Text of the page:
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Develop Azure Infrastructure as a Service compute solutions
12. AZ-203 - Introduction to the Azure Batch Service
Hi, and welcome back. Now, before we move forward, it's important to understand the architecture of the Azure Bath service. Basically, what are the important parts of the Azure Bath service? Now let's say you have your application, so your application can make EPA calls to the Azure Bat service. Now, along with your application and the Azure Backup service, you can also provision an Azure Storage account. So remember, your Azure Storage account can be used to store the input and output files for Azure Batch. So now let's say that your application is responsible for processing videos, so it could submit the videos to the Azure Bath service for processing. Now, when the request is made on the Azure Bath service, you basically make a request to create a job. The job would then have tasks. So let's say one of the tasks is basically to process the videos.
Now, what the Azure Batch service will do is ensure that it creates a pool of virtual machines. These virtual machines will go ahead, pick up the tasks, and basically execute those tasks. Now, what is the underlying application or what's the underlying process that's going to run on this virtual machine? So remember that your application, your main application, wants to ensure that the AzureBatch service will process the videos. So the application or module that is required to process the video needs to be installed on each virtual machine so that particular module can be downloaded from the Azure Storage account. So the Azure Batch service will take that module, which is required to process the videos, from the Azure Storage account and then install it on the virtual machine. The virtual machine in that pool would then start converting or processing those videos. Now, the video itself is basically an input. So what your application can do is take the videos from the users. It can store the videos as input files in the Azure Storage account.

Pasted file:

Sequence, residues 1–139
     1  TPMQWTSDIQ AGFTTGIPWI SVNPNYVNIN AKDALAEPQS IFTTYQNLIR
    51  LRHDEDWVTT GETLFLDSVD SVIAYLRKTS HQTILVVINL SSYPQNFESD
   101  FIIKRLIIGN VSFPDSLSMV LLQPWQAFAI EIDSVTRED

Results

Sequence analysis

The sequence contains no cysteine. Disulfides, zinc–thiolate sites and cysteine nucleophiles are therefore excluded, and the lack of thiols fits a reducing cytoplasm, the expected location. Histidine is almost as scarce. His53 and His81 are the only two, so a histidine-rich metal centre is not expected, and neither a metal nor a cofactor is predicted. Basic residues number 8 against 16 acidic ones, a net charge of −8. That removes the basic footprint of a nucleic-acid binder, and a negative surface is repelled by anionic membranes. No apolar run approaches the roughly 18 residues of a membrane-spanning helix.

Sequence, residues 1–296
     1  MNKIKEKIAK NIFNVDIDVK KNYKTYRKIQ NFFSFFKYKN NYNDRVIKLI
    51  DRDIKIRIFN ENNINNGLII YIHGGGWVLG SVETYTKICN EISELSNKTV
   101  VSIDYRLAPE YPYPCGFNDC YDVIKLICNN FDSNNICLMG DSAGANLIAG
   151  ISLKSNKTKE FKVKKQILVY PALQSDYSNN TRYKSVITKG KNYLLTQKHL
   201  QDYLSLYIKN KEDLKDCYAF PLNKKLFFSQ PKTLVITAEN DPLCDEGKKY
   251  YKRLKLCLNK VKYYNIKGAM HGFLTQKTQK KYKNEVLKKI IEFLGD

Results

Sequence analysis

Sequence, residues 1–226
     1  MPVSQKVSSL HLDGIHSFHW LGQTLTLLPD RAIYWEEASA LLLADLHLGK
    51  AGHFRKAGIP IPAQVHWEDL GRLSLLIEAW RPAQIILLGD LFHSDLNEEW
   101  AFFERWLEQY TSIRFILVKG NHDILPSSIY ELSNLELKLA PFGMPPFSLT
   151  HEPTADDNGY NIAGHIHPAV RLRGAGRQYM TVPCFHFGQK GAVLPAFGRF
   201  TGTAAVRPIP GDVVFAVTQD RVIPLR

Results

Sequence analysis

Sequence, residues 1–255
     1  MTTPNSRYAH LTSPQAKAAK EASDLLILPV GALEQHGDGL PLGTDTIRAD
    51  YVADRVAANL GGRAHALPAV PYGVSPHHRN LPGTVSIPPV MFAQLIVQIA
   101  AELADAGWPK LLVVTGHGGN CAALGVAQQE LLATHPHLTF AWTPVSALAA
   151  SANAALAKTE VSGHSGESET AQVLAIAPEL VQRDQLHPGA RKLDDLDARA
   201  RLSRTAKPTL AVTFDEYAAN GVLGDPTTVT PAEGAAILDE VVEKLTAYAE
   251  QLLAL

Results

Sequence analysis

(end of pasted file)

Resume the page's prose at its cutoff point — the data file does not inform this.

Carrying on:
Your Azure Batch service will then take the videos and the input videos and give them to the virtual machines. The virtual machines will then start processing those videos and whatever the output is. So remember that your batch service is executing something on these virtual machines. Whatever the output is, it can then be stored in the same place as your storage account. So these are all the important parts that you need to understand when it comes to the architecture of the Azure Batch service. So first, you have the service itself. It's basically something known as an account. So you create something known as an Azure Batch account. In your Azure Batch account, you basically have jobs. The job consists of tasks. You don't have the pool. So the pool is basically the virtual machines that are used to execute those tasks that are pertinent to the jobs. You then have your Azure Storage account, which can be used to basically store the applications that run on the virtual machines. It can also be used to store your input files and your output files as well. Right, so this is just a quick take on the architecture of the Azure web service.
13. AZ-203 - Batch Service Architecture
Hi, and welcome back. Now let's go through some of the important points for the Azure Batch service. So, use a service when you want to run large-scale and high-performance batch jobs. Now, in the batch service, remember that it will automatically manage the pool of nodes. So these are the virtual machines that will actually carry out those batch jobs.